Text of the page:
The Sea Of Galilee: An Overview -- By: David G. Hansen

Journal: Bible and Spade (Second Run)
Volume: BSPADE 23:3 (Summer 2010)
Article: The Sea Of Galilee: An Overview
Author: David G. Hansen

The Sea Of Galilee: An Overview

David G. Hansen

The Geography Of The Lake

Known to most Christians as the Sea of Galilee, this lovely body of water is called by several names in the Bible: Sea of Galilee (Mk 1:16, 7:31 and Jn 6:1), Lake Gennesaret (Mt 14:34, Mk 6:53 and Lk 5:1), Sea of Tiberias (Jn 6:1 and 21:1), Sea of Kinnereth (Nu 34:11; Dt 3:17; Jo 11:2, 12:3, 13:27), or simply “the lake” 31 other times in the NT. Interestingly, it is mentioned only five times in the OT where it is referred to as Kinnereth. or the Sea of Kinnereth, a name that tradition holds comes from the harp-like shape of the lake. However, geographer Carl Rasmussen wrote, “the lake probably derived its name [in the OT] from the city of Kinnereth located at its northwestern corner” (1989: 35), a position supported by Aharoni (1979: 33). The lake and its surroundings were the geographical focus of much of Jesus’ ministry, and today it is the must-see destination for those who travel to Israel on Christian pilgrimages.

What many visitors to the Sea of Galilee do not realize is the lake is about 695 ft (209 m) below sea level, although it was as low as 705 ft (215 m) below sea level in 2001. That makes it the lowest body of fresh water on the surface of the earth. The Dead Sea, approximately 60 mi (97 km) south, is the lowest body of water in the world at about 1,200 ft (366 m) below sea level, but it, as most know, is salt water, not fresh (Rasmussen 1989: 235; Beitzel 1985: 39). We must write “about” when speaking of levels of these two bodies, because the surface levels of both lakes fluctuate depending on use and weather conditions. For the past few years, Israel has been experiencing drought conditions that have put the levels of both seas at their lowest points in recent memory.1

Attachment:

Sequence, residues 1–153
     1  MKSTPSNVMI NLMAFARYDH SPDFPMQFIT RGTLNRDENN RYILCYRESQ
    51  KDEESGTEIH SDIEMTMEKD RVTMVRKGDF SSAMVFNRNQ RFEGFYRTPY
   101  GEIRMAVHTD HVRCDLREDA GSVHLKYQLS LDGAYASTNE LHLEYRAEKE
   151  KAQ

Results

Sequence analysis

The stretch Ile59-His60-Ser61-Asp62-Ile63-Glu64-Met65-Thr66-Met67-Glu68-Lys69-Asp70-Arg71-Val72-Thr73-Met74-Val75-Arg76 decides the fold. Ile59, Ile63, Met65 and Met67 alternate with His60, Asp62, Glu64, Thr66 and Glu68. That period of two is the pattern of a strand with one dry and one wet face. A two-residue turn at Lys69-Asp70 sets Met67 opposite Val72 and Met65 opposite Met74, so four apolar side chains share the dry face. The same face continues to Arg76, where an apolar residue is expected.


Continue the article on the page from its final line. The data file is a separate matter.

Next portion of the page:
The Sea of Galilee is approximately 13 mi north/south, 7.5 mi east/west at its widest point (21 by 12 km) and 140 to 200 ft (44 to 60 m) in depth. It sits in the crater of an extinct volcano that, along with others, erupted in times past and spread lava over the adjacent region. The hardened lava has created a distinctive black rock, basalt, that can be seen everywhere in the area. The basaltic rock has provided stone for building construction and, in the t...

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